Passion Flower was first discovered in Peru by a Spanish doctor named Monardes in 1569 who documented the indigenous uses and took it back to the Old World where it quickly became a favorite herb tea. Spanish conquerors of Mexico and South America also learned its use from the Aztec Indians and it eventually became widely cultivated in Europe. Since its discovery, Maracuja has been widely used as a sedative, antispasmodic and nerve tonic. Indians throughout the South America use the leaf tea as a sedative. When introduced into Europe in the 1500's it was used as a calming and sedative tea. It was introduced in North American medicine in the mid 1800's as a sedative through native and slave use in the South as a tea, as well as bruising the leaves for headache, bruises and pain. In many countries in Europe and in the U.S. and Canada, the use of Passion Flower to tranquilize and settle edgy nerves has been documented for over 200 years. Its long documented history in herbal medicine has included its uses for colic, diarrhea, dysentery, dysmenorrhea, epilepsy, eruptions, insomnia, morphinism, neuralgia, neurosis, opthalmia, piles and spasm.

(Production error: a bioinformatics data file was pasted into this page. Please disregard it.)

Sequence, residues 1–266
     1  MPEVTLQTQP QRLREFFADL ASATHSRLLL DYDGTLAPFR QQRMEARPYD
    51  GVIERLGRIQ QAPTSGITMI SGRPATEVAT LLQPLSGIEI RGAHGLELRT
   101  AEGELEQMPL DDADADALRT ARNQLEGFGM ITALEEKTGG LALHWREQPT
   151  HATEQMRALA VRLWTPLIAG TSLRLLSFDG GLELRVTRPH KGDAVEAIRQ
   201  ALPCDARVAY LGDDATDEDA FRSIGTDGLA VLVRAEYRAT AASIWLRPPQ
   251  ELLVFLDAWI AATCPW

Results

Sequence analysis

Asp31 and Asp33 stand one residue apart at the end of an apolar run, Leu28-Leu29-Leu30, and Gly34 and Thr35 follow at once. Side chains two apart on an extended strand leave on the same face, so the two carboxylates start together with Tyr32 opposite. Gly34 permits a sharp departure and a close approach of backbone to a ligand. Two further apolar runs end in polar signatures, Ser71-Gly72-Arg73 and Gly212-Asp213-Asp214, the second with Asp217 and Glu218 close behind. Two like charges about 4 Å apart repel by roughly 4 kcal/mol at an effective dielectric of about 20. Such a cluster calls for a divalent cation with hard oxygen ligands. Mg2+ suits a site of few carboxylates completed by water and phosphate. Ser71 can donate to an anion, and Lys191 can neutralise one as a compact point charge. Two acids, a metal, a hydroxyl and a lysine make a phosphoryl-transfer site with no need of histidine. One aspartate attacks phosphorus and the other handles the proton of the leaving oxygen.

Passion Flower is widely employed by herbalists and natural health practitioners around the world today. It is mostly employed as a sedative, hypnotic (inducing sleep), nervine, anti-spasmodic and pain reliever. In the United States, P. incarnata is the species most used to treat insomnia, Parkinson's Disease, seizures and convulsions, muscle cramps, hysteria, high blood pressure, tetanus, shingles, neuralgia, dysmenorrhea, menstrual cramps and PMS, epilepsy, and as a pain reliever in various conditions. In Europe, it is employed for nervous disorders, insomnia, spasms, neuralgia, alcoholism, hyperactivity in children, rapid heart beat, headaches, and as a pain reliever and antispasmodic. In South America, P. edulis is the species most used as a sedative, diuretic, antispasmodic, and anthelmintic (expelling intestinal worms) which is used to treat convulsions, paralysis, alcoholism, headaches, insomnia, colic in infants, diarrhea, gripe, hysteria, neuralgia, menopausal symptoms and hypertension. In both South and North America as well as in Europe, Maracuja is used topically for skin disorders, inflammation, hemorrhoids, and burns; having an anti-inflammatory and pain-relieving effects.